I’ve only read with this deck once, so far – I used it for my birthday reading, where it served me very well. Reading through the little white book, it’s clear that Kuykendall interprets many of the cards very differently to me, so as always, the book is put away. I prefer to get to know a deck on my own terms first, dipping into the book when journalling or exploring a specific card.

That said, the little white book is worth reading for its description of the Outer Regions and the five kingdoms within – I’m very tempted to get the full length book, the Tarot of the Cat People – A Traveller’s Report to explore the landscape and its people further.

You can buy this deck directly from US Games Inc for $20.

What do you think of this deck? Share your views in the comments!


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  1. Thank you for this little show case. I have to say, I’m more of a dog person myself but this one has been on my wish list for a while. I didn’t realise there was also a companion book! I’m still sticking with my trust Shaman-Caselli and Magical Forest decks while I’m (re)learning the tarot….So hard not to rush out and buy ALL OF THE DECKS!

  2. Claire says:

    I have been connecting with this deck over the last two or three years, and I love it. I haven’t seen much of it in my tarot Internet explorations, so I’m really excited we’ll get your take on it, Beth!

    The cats add so much depth to the cards for me. They can often add softness or humor to a stern-looking human, or add to their sense of power. They are so expressive!

    • Beth says:

      Yeah, they really do! I’ve not read with it much yet but looking forward to working with it (and possibly using with clients if we really bond) this year.

  3. Cat People was my first deck, more than 20 years ago, and it’s been a good friend to me.

    By the way, there are two novels set in this world, written by Andre Norton, The Mark of the Cat and The Year of the Rat. The first was traditionally published and is out of print, but it’s possible to find in used book stores or online as a pirate ebook. The second wasn’t picked up by a publisher but was self-pubbed years later, and is very hard to find.

    Kuykendall was a Big Name Fan, costumer and SFF artist in the 70s and 80s — which is how she came to know Norton — and made wearable versions of Cat People clothes, including elaborate papier mache jewelry.

    • Beth says:

      Wow, thanks for adding all this! I hadn’t realised that the Outer Worlds and Cat People weren’t actually Kuykendall’s creation, though there’s a little info about her varied career in the little white book that comes with the deck.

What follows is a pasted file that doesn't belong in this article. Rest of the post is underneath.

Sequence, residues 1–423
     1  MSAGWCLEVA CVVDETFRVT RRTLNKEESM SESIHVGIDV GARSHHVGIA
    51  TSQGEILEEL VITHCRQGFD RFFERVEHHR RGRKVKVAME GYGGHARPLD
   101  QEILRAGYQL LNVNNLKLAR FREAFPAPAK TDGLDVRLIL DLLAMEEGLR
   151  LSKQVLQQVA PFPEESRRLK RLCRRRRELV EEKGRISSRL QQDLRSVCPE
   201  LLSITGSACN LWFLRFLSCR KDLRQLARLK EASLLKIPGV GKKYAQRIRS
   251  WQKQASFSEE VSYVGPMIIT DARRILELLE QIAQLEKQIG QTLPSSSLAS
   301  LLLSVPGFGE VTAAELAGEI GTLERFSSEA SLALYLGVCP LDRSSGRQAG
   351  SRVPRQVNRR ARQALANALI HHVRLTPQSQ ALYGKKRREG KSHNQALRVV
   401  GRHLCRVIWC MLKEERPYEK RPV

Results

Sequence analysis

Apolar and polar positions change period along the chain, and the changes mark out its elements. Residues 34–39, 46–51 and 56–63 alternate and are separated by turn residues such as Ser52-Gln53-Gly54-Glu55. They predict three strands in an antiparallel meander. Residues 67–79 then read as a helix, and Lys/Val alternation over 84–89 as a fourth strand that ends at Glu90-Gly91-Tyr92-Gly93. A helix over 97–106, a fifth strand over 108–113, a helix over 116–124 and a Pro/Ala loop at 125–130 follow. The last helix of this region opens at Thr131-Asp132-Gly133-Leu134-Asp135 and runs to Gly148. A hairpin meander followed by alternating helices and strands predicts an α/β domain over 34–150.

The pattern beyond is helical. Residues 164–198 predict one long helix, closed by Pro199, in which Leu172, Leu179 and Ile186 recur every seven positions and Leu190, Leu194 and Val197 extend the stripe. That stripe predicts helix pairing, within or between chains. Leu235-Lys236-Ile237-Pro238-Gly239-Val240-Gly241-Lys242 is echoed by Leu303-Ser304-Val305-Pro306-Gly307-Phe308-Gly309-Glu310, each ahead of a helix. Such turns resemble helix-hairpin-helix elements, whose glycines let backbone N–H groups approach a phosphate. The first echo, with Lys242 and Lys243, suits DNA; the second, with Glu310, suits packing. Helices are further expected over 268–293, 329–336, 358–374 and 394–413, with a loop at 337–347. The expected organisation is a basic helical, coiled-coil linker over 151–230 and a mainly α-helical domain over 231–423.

4. Vix says:

    I’ve picked up this deck so many times, but never purchased it. It’s SO on my list though! Ah, with like a billion other decks!!! Love the 80’s-ness of this especially!! xx

  5. Stephanie Francis says:

    This deck was on my mind this morning and upon searching on it i found your post. I have had this deck for some time now and thought of using it again. I enjoyed your review. This deck at first intimidated me, but i have the nudge to use it again. Thank you so much!

  6. Alfie C says:

    I bought this deck as a 17 year old,mesmerised by the beautiful dipictions on each card but found using it hard and I felt somewhat out of my depth. However 25 years later I have recently gone back to it and am at last doing it justice…it’s a great deck! Those Cat People know ALOT and they also know when you’re ready to read with them 😉

  7. I bought this deck back in 1992 in a funky shop in Leicester city centre and it has been with me through good times and bad! I use it for my “daily card” selection every morning and the funny thing is – I never had a cat until three years ago when my wife and step-kids got one while I was out of the country. Now that I have a cat, the cards mean even more to me. It’s cool that you singled out the Rejuvenation card as the unique differentiation with this deck. It is truly joyous whenever that card is revealed. KK did the artwork with a toothbrush?! That’s a quirky detail I never heard before – the cards are fantastic works of art. Thanks for a great post!